Next topic: Selecting Colors, Backgrounds, and Borders
Returning to our discussion of using color to build your brand, the color scheme you choose for your eBay listings (and consequentially, your eBay Store) plays a major part in developing a strong online presence. If you use eBay´s Listing Designer or the templates offered from third-party listing services, you´ll find that they all come with a variety of options for choosing background colors and border designs. They make it easy to incorporate your design theme and color scheme into every listing. Think of your signature color and the logo you´ve designed when browsing the options available in these listing services, and choose a style that complements your brand image.
When designing pages, you want to make a template background selection that won´t compete with the items that you´re selling. As you browse the designs available, note that many template designs use borders with cute or clever designs of baby blocks, flowers, and other themed images. While it may be tempting to use these designs, make sure that your customers´ attention remains focused on the item you´re selling. You don´t want to distract them with a busy border or patterned background. If you choose a fairly neutral template with a solid background and simple borders, you´ll be able to use it for all your listings, adding to the desired consistency of design that builds brand identity.
"Above the fold" is an old newspaper journalism term that has been reappropriated in the Web design world. Think of the way that the most important headlines and photos are laid out on the newspaper front page to fit above the horizontal crease. This allows the viewer to see as much essential information and images as possible in a single view. In Web design, above the fold refers to the amount of the Web page the user views on the screen without having to scroll down. For eBay listings, keeping important information above the fold is particularly important. You want your potential customers to get as much information as possible within a single view of the screen.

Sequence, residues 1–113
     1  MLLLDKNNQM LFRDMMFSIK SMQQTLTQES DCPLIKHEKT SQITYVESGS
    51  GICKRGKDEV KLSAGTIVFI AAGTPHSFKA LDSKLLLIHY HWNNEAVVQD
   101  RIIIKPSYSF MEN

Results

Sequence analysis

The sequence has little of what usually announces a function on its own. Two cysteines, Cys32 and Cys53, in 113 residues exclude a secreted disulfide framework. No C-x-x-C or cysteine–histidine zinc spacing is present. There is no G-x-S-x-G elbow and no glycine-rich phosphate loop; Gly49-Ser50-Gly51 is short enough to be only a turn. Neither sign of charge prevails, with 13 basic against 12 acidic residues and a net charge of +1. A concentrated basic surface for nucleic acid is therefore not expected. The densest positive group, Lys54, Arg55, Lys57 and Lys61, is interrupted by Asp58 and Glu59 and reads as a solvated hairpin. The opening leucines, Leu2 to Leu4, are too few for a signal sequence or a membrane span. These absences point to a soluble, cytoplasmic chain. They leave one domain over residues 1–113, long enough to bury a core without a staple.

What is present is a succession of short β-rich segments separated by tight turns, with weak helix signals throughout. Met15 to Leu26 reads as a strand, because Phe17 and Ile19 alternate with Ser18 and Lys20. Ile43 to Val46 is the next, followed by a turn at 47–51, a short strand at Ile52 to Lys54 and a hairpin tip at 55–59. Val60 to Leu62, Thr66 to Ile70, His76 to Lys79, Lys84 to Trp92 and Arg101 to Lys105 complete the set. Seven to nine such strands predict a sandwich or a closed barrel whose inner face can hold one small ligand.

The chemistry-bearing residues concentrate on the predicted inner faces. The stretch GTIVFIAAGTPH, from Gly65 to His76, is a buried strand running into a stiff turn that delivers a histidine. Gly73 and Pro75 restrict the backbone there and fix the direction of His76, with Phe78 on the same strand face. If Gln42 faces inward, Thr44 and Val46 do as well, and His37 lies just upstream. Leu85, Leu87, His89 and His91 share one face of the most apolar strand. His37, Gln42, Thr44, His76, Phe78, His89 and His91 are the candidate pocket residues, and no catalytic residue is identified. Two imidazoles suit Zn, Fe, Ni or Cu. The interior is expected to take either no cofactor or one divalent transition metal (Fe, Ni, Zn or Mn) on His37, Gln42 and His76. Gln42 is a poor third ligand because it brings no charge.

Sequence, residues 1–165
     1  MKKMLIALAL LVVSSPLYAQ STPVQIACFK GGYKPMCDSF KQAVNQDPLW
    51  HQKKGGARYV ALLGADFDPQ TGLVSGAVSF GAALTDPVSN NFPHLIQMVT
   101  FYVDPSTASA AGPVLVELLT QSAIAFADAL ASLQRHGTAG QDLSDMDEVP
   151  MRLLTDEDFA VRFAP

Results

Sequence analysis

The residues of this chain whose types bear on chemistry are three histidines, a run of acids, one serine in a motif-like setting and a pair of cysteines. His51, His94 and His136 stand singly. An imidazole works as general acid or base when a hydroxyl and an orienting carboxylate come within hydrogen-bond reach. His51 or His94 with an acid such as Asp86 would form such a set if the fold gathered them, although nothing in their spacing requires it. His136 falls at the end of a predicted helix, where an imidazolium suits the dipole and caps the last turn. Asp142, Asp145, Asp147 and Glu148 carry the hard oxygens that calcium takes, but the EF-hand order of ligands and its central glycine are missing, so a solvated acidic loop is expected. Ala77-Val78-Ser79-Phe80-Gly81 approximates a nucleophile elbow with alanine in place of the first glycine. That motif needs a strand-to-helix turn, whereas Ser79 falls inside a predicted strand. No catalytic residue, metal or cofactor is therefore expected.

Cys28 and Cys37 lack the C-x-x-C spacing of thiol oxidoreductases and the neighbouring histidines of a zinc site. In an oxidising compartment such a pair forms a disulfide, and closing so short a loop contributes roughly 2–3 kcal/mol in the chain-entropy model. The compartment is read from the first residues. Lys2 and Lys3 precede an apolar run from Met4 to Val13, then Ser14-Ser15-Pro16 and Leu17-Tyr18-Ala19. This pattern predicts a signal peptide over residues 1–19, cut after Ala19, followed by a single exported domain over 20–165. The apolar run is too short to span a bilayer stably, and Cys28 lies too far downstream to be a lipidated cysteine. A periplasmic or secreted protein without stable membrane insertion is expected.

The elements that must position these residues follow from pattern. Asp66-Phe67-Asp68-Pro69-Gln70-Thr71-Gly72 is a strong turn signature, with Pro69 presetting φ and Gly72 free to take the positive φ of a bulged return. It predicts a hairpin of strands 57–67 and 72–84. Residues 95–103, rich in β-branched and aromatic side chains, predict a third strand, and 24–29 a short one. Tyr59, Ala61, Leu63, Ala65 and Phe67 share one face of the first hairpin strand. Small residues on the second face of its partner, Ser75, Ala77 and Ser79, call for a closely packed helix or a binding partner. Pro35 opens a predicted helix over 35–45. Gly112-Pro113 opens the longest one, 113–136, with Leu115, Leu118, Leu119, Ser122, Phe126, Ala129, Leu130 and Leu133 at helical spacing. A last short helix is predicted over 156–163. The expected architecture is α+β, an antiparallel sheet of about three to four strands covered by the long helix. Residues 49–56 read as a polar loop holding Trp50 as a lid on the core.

When you go into any eBay item listing page, the view you´ll immediately see above the fold is eBay´s own information with the title, item number, seller information, and bidding information.
Just as newspaper readers are less likely to continue reading a story that goes below the fold, the same holds true for scrolling and eBay customers. Remember that it´s as easy for a potential customer to click off your site as it is for him to scroll all over your page. You want to keep his attention on your item until he has become engaged in what you´re selling. You need to do everything in your power to keep his hand off that mouse until he´s ready to click the bid button.
One of the inherent flaws in using the standard eBay sell form is that the layout places the text first and images at the bottom. Buyers find it irritating to have to scroll down to the bottom to see pictures of the item. And when they have to do so, the seller also runs the risk of the dreaded "click factor." Using HTML to embed photos into the item description partially solves this problem but tends to increase the necessity for the user to scroll down even more.
The best solution to this problem is to utilize tables in your item listing. An HTML table allows you to lay out your item listing with images and text side by side. eBay´s Listing Designer and other third-party listing design tools all offer the table option. Table usage is Web-standard practice. If you hire someone to custom design a template, you should be sure that she includes HTML tables in your listing templates.
Tables increase the usability of your listing. With the effective layout technique, potential customers can see the images and read the description at the same time, with minimal scrolling and clicking. It´s the combination of the visual cue of the image with the information of text that keeps the viewer engaged with your listing. This prevents boredom and click-aways and inspires purchases.
Naturally, some eBay listings end up being longer than a single scroll of the screen. This is where it becomes important to determine a hierarchy of your information-in other words, present the most important information first, followed by extra details, and then your conditions of sale.
Bear in mind the importance of creating a hierarchy of information so that the most persuasive text and images stay above the fold.